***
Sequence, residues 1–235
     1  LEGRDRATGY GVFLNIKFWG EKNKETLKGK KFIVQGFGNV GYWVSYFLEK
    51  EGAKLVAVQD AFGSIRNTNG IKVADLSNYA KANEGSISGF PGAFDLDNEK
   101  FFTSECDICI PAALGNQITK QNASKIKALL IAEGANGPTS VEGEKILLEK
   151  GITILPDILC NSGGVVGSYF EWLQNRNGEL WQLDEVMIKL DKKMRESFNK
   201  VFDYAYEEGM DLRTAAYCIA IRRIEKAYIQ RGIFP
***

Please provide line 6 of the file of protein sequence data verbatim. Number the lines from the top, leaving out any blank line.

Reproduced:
   201  VFDYAYEEGM DLRTAAYCIA IRRIEKAYIQ RGIFP